A Rookie Sticks Around: Canadian cop drama Rookie Blue has gotten a second season pickup in both Canada and the US (DHD, 12/07/2010), thanks to very good performance on both sides of the border.

New Name Not Better: ABC‘s comedy Better Together has been renamed to Better With You (08/07/2010).  My predictions for the show’s survival are inexplicably unchanged.

Promotions Time: Two pilot guest stars have been upped to regulars (DHD 11/07/2010) on coming fall shows: Peter Serafinowicz on Fox’s Running Wilde, and Erin Cummings on ABC’s Detroit 187.

Leaving New York: Leading lady Melina Kanakaredes, who has headlined CSI: New York with Gary Sinise since it premiered, is exiting the series (The Live Feed, 12/07/2010) just as it heads to the 9pm Friday death slot. I don’t think that’s a coincidence. And in related news…

Now Entering New York: Following Kanakaredes‘ exit, stepping up to lead beside Sinise will be multiple Emmy winner Sela Ward (DHD 13/07/2010). I’m a fan of Ward‘s from her recurring stint on FOX’s House, even though (as happens every season) I was only a sometime-watcher.

The Man with the Van: Comedy Central has picked up a new semi-scripted comedy from H. Jon Benjamin (who voices the titular lead of Archer) called Jon Benjamin Has a Van for a 10-episode order (DHD 12/07/2010). Sounds like fun.

It’s All in the Game: Funny; on The Wire, Aidan Gillan was the promising leader led astray by an advisor, while his new position as series regular Littlefinger (THR 12/07/2010) on HBO’s new fantasy Game of Thrones has him now as a malicious advisor. Both on HBO, too. Huh.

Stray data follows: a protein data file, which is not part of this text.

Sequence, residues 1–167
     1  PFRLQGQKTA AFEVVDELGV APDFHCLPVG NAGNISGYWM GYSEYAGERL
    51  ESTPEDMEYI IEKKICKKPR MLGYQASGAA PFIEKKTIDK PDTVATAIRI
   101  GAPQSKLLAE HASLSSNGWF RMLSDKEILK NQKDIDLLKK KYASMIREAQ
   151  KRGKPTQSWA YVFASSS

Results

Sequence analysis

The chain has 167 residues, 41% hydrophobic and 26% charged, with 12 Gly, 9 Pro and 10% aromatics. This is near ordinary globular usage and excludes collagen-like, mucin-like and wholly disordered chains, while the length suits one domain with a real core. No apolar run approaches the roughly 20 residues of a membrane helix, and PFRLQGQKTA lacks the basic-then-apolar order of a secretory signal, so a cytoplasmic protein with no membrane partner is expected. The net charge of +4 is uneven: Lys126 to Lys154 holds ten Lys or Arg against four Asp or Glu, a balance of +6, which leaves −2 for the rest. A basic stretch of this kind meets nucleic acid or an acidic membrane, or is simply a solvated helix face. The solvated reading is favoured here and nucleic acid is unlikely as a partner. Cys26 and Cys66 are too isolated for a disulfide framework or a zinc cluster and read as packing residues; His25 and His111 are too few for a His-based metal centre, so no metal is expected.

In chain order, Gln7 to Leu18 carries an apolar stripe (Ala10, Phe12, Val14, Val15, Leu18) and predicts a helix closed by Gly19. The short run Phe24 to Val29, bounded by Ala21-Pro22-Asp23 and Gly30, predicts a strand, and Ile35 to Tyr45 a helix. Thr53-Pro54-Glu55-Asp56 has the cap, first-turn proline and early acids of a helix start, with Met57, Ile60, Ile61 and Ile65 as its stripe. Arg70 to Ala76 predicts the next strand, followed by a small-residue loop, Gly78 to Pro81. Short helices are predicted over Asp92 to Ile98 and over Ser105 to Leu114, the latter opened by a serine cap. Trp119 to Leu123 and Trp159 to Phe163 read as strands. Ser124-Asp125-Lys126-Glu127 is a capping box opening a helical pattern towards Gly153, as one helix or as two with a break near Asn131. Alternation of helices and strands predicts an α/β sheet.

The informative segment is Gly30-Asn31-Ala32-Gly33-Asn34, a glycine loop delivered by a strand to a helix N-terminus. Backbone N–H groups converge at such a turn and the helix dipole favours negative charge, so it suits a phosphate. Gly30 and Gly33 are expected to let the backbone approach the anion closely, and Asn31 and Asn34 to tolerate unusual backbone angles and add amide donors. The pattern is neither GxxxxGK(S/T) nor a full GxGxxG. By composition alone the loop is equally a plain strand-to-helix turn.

Good Luck, David Milch: After his bizarre John From Cincinnati not making the jump to season two a few years back, David Milch has been preparing something new: Luck, an HBO series about horse racing culture. It’s been picked up (DHD 14/07/2010). I’m quite excited, as though I haven’t yet watched Deadwood, but Cincinnati was very intriguing over the course of its short run.

inSecurity Hires a Cast: Canadian spy comedy inSecurity, which has already secured a 13-episode order, has brought on its cast (THR 14/07/2010): Natalie Lisinska, William Devry, Matthew MacFadzean, Grace Lynn Kung, Richard Yearwood and Remy Girard. Interested to see where this one goes.

Interesting Links

Disability on Angel: Winifred Burkle and the Hot Mess (this ain’t livin’): Winifred Burkle is a subject of much love and scorn in the Whedon fan community, and here, s.e. smith takes a look at her, both as a disabled character (considering her mental illness) and as a female character. Smith notes both some very clear issues with the character, as well as reasons why she’s admirable, demonstrating the awkward way Angel often dealt with its female cast. Again, note, if smith reports any abuse whatsoever coming from this blog, I will stop linking to this ain’t livin’ out of consideration for its author. Thanks!